Throw away the invoices. The law regards as done that which ought to have been done. But for the lazy employee's error, the invoices would have been thrown away long ago; thus, Locaro should do what ought to have been done.
Either throw away the invoices or withdraw. As an advocate, Locaro should abide by the decisions of his client on all matters that affect the merits of the case. Here, the client speaks through its CEO. Locaro should either follow the CEO's instructions or withdraw.
Throw away the invoices. As an advocate, Locaro should resolve factual ambiguities in favor of his client. By the interpretation that favors his client, the invoices are irrelevant and do not have to be produced.
Either produce the invoices or withdraw. If the CEO refuses to produce the invoices, Locaro should raise the matter with ProData's board of directors; if they too refuse, Locaro should withdraw.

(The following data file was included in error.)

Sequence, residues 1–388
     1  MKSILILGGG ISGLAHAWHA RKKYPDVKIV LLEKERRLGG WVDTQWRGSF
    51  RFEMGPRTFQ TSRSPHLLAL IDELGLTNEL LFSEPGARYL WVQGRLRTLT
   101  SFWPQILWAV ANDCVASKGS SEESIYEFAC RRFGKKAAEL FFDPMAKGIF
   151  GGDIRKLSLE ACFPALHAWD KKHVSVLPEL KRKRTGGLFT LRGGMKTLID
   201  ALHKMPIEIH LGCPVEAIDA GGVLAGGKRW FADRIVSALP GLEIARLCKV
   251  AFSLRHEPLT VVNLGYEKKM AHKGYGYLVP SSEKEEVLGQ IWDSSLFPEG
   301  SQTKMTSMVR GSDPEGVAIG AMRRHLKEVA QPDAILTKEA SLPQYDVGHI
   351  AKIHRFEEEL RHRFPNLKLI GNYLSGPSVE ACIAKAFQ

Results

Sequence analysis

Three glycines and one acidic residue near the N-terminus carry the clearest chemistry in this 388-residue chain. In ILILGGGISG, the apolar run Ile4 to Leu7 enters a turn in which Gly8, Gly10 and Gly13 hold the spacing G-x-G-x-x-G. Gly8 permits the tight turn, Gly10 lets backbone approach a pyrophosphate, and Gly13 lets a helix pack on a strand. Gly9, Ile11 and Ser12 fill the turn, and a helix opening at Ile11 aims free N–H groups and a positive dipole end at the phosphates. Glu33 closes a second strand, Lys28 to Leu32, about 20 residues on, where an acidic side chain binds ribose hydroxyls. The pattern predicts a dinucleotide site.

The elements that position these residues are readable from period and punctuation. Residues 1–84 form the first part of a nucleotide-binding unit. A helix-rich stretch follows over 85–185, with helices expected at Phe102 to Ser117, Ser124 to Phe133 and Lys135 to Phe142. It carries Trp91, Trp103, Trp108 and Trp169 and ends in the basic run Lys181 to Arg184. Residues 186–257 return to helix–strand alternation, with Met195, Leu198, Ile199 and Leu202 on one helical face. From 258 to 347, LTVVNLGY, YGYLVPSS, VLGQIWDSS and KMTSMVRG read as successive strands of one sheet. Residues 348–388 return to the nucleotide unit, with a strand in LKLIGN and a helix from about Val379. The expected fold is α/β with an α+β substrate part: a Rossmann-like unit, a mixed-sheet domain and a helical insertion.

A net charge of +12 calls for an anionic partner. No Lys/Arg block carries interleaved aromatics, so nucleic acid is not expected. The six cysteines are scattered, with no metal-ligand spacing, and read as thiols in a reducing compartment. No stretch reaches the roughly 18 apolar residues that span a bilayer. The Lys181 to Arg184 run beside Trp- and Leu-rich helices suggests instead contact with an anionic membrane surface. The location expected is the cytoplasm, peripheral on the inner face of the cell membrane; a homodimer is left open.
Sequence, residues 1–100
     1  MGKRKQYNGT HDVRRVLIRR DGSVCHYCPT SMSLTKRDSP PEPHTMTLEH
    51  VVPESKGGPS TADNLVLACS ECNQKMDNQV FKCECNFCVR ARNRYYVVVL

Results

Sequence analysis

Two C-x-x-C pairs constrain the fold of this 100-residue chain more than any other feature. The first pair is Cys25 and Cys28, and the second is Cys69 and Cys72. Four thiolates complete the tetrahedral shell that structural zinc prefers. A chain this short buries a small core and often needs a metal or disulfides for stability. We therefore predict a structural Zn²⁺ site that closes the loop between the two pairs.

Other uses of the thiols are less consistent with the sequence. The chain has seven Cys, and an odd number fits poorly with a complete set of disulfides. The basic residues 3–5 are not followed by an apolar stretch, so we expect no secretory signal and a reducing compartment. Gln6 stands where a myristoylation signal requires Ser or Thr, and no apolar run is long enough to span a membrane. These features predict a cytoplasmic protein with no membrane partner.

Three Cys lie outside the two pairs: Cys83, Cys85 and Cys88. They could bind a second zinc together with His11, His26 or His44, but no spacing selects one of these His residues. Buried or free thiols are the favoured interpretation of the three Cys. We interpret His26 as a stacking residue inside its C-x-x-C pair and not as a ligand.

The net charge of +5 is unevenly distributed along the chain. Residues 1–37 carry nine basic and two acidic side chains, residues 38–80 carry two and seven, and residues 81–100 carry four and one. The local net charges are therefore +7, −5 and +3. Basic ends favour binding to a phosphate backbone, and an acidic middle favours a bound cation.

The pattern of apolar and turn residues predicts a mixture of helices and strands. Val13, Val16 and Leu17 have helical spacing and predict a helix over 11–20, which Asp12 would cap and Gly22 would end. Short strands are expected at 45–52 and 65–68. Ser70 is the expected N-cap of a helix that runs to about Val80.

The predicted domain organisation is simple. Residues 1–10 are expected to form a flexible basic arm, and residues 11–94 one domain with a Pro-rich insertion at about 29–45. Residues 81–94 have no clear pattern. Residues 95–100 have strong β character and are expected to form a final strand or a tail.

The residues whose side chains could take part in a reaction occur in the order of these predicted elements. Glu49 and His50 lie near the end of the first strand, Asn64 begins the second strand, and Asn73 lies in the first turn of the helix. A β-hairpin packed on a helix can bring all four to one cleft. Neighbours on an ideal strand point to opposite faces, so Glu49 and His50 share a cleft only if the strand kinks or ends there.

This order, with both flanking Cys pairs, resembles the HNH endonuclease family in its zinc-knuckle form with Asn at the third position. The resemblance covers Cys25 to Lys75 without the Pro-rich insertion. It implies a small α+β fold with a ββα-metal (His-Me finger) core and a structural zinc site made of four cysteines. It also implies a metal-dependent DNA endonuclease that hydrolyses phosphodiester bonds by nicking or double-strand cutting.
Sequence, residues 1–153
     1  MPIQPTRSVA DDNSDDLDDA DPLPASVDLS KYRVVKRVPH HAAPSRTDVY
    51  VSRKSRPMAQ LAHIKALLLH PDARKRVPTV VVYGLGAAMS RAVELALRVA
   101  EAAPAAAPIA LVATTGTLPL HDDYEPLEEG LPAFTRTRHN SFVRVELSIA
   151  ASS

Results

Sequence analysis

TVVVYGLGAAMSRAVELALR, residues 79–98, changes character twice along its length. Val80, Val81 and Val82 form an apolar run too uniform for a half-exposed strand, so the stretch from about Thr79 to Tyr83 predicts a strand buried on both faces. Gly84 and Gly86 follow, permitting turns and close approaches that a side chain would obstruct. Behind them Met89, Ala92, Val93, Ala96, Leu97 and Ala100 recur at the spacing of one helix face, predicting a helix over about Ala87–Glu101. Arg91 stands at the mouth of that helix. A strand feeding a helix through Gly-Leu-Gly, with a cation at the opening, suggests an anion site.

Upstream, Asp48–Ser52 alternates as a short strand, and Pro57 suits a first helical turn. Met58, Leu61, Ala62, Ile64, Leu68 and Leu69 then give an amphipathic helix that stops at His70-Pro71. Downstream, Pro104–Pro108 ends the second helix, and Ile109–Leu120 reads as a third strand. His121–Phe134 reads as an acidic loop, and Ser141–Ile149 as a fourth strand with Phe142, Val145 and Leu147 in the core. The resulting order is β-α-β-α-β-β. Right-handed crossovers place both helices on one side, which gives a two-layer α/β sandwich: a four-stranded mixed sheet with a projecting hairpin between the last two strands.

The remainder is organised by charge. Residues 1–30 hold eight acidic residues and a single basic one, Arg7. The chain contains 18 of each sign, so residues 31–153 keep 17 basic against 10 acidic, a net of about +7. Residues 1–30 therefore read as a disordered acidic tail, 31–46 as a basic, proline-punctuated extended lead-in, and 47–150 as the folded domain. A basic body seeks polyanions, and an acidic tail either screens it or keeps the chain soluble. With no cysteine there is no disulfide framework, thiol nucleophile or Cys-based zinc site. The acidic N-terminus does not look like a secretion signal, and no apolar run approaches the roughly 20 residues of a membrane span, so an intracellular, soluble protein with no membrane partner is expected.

Lawyers Abner, Baker and Clark formed a law partnership; each contributed $100,000 in capital to get the firm started. Their partnership agreement provided that when a partner dies, the firm will make certain payments to the dead partner's named beneficiary. Sometime later, Clark died, leaving his daughter Clara, a doctor, as his sole beneficiary. Under the partnership agreement, the firm plans to make the following payments to Clara: $100,000, which represents Clark's share of the firm's assets, as measured by his capital contribution; $45,000, which represents Clark's share of fees that had been earned but not collected from clients at Clark's death; and a $125,000 death benefit, representing a percentage of Clark's earnings the year prior to his death and payable in monthly installments. Which of the following payments may the firm make to Clara?